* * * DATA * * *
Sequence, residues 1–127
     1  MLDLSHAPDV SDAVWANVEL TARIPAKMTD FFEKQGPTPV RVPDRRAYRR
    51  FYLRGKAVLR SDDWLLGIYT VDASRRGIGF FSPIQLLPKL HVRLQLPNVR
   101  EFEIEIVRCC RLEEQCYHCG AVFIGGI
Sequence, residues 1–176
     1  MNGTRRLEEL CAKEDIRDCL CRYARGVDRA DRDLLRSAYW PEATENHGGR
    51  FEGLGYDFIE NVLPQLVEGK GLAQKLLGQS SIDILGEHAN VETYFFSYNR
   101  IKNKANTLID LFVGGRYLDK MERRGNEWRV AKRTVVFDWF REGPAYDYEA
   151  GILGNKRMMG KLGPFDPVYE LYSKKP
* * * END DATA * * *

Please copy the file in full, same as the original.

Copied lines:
Sequence, residues 1–127
     1  MLDLSHAPDV SDAVWANVEL TARIPAKMTD FFEKQGPTPV RVPDRRAYRR
    51  FYLRGKAVLR SDDWLLGIYT VDASRRGIGF FSPIQLLPKL HVRLQLPNVR
   101  EFEIEIVRCC RLEEQCYHCG AVFIGGI
Sequence, residues 1–176
     1  MNGTRRLEEL CAKEDIRDCL CRYARGVDRA DRDLLRSAYW PEATENHGGR
    51  FEGLGYDFIE NVLPQLVEGK GLAQKLLGQS SIDILGEHAN VETYFFSYNR
   101  IKNKANTLID LFVGGRYLDK MERRGNEWRV AKRTVVFDWF REGPAYDYEA
   151  GILGNKRMMG KLGPFDPVYE LYSKKP